Love Lessons from the Song of Songs

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Scripture has much to say about God’s purpose for marriage. But one book reveals more of the joy, beauty, and sacredness of marriage than any other: the Song of Songs. One of the oldest books in the Bible, the Song vividly and brightly unfolds how the bridegroom and the bride delight in each other.

In the Song of Songs, God has given us a divine manual on romantic relationships, taking us from the initial attraction between a couple through courtship, deepening intimacy, and marriage. What is God’s desire and plan for husbands and wives? What are God’s love lessons from the Song of Songs? Here are four lessons from this book that reveal God’s heart for marriage.

1. Love Is Mutual

The two-way conversation in this book is between a man and a woman who are deeply in love. Each contributes to the relationship. Each desires the other. Their love is reciprocal.

Playfully, delightedly, the man and woman describe each other and respond to these descriptions. They invite each other to enjoy and partake in their love; nothing can stand in the way of its fulfillment. And behind their words is a deep desire to build each other up.

The woman initiates the conversation in this book and expresses her eagerness first: “Let him kiss me with the kisses of his mouth . . . take me away with you—let us hurry!” (1:1, 4). We may think of women in the Middle East as being prudish, silently hiding behind veils. But this woman has a level of desire and passion every bit as powerful as the man’s. He is the focus of all her desire and passionate longing.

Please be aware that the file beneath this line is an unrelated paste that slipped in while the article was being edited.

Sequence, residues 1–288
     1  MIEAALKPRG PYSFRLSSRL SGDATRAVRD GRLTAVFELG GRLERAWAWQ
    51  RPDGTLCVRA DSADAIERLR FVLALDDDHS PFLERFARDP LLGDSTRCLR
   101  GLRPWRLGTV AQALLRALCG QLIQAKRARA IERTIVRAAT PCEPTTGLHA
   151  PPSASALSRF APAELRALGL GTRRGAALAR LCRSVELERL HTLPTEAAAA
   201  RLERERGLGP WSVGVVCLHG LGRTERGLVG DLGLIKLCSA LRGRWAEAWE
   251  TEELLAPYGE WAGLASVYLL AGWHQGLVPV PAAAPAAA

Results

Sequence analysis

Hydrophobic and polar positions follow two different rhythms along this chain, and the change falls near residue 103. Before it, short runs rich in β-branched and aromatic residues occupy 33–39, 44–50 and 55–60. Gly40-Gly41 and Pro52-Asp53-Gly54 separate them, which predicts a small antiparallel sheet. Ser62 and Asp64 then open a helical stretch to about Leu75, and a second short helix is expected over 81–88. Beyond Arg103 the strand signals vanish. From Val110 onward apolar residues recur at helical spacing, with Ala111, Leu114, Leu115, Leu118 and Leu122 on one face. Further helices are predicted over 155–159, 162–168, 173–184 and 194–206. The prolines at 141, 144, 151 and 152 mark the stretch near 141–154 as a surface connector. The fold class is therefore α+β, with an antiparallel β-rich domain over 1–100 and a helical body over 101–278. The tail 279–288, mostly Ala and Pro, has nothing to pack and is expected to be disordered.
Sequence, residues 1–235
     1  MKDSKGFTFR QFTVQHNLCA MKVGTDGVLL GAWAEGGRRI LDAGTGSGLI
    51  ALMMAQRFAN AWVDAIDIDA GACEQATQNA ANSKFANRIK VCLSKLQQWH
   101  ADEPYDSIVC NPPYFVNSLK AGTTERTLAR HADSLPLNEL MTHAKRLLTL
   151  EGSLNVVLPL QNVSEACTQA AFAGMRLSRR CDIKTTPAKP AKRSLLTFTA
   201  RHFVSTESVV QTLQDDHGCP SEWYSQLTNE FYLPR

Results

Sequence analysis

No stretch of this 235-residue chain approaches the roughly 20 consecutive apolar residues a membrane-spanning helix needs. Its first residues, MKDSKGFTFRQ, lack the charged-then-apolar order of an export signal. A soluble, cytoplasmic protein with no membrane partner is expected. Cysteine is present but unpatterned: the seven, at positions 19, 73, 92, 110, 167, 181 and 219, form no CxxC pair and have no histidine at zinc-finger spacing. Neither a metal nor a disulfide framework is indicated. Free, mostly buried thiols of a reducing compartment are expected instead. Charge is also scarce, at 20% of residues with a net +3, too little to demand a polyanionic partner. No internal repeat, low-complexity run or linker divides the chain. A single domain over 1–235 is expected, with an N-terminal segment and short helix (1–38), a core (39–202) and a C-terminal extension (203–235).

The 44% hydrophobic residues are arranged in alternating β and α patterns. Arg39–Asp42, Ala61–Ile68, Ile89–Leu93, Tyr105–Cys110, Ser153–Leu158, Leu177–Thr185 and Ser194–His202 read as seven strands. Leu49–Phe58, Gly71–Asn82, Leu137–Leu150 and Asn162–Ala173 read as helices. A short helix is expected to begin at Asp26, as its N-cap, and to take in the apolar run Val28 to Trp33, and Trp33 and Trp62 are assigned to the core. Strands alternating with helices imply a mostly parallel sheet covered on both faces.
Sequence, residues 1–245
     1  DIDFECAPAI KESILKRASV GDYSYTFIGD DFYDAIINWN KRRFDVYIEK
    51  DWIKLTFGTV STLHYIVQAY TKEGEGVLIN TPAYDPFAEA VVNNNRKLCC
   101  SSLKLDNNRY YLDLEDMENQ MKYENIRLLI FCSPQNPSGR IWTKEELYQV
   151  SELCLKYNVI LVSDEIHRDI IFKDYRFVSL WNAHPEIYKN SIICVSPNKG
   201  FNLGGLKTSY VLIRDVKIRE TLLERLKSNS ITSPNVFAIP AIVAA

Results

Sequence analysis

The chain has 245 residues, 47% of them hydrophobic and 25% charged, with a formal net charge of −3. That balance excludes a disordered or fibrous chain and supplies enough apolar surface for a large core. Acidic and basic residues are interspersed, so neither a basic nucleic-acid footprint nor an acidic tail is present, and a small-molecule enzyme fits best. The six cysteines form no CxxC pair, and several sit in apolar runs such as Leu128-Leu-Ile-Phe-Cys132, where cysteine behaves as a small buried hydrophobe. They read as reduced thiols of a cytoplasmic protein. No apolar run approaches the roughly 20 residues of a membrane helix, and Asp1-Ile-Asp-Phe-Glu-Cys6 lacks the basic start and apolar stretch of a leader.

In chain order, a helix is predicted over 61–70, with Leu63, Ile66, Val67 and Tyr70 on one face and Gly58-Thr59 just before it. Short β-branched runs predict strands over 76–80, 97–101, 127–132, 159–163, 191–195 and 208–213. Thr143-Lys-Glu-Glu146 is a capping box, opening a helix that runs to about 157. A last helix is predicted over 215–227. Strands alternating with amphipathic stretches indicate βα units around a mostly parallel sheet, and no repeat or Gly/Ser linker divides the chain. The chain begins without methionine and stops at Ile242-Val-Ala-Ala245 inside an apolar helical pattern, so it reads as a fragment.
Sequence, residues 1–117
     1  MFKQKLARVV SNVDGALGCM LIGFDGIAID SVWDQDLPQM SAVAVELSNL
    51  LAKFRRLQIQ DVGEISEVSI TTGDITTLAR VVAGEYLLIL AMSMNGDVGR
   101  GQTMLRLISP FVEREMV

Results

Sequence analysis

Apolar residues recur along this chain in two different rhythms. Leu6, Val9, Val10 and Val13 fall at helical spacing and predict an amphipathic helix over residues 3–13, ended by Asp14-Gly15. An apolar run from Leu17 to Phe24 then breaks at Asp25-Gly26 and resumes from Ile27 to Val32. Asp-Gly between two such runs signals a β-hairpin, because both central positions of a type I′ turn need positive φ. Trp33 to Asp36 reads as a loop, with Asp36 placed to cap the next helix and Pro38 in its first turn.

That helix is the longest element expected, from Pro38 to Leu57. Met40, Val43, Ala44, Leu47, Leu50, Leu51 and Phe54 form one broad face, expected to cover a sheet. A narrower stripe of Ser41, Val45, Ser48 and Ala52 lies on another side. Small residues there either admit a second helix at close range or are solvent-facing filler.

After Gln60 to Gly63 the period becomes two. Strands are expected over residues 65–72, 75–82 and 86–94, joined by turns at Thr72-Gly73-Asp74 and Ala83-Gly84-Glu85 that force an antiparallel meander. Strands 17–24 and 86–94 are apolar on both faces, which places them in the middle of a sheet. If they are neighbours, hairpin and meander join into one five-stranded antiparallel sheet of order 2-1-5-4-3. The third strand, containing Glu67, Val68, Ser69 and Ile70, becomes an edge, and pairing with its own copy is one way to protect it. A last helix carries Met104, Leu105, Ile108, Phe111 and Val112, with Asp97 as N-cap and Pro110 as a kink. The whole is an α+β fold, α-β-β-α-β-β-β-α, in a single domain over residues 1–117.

The man addresses her with a tender compliment, looking past her own perceived flaws to praise her beauty. Then he urges her to follow the tracks of his sheep as she brings her young goats to a place where they can be together, pointing to a place of common ground in the tending of their flocks. It may be that opposites attract, but mutual enjoyment of shared interests creates stability in a relationship.

The joyous repartee of the couple’s mutual admiration in 1:15-2:3 signals their growing intimacy. She calls him “beloved”; he reciprocates with “darling.” She describes herself as a “rose of Sharon” and a “lily of the valley.” In those days, both were common, everyday blossoms not especially noted for their beauty. She is modestly saying, “I’m not so pretty—really kind of average.” After which the man lifts her up: to him she is like a lily among thorns; her beauty far outclasses that of all others. She then repays his compliment with one of her own: compared to all of the young men, he is like a refreshing apple tree that is far more desirable than all the trees of the forest.

This scene highlights an important part of a healthy marriage: constructive conversation between a husband and a wife. Compliments cultivate love, but criticism inhibits growth.

2. Love Is Exclusive

Sexual intimacy between a husband and wife is a beautiful experience that expresses their oneness and the love they have for one another.

The Song of Songs teaches that love within marriage produces genuine sexual liberation—not liberation from marriage, but liberation in marriage. The most explicitly erotic passage in the entire book, chapters 7:1-8:4, depicts the vibrant sexual intimacy of the man and the woman as a married couple. Here they enjoy the fruit of their love: “I belong to my beloved, and his desire is for me. Come, my beloved . . . let us go early to the vineyards . . . there I will give you my love” (7:10-12).

Continuing the verbal and physical foreplay, the man uses the images of a locked garden and a sealed fountain to celebrate his beloved’s virginity. “You are a garden locked up, my sister, my bride; you are a spring enclosed, a sealed fountain” (4:12). The garden suggests privacy, separation, sacredness, and security. A “sealed fountain” is protected; its water can only go to its rightful owner. Sex without marriage cannot compare with the joy of giving yourself completely to the beloved.

This language of exclusivity is expressed in something like a marriage vow: “My beloved is mine and I am his.” This phrase, often used by Jewish brides at weddings, is a statement of possession. It represents an exclusive covenant between a man and a woman who are saying to each other, “There is not much you can count on in this world—health, money, career, looks—but you can count on me. I will not give my heart and body to anyone else in the way I give it to you.”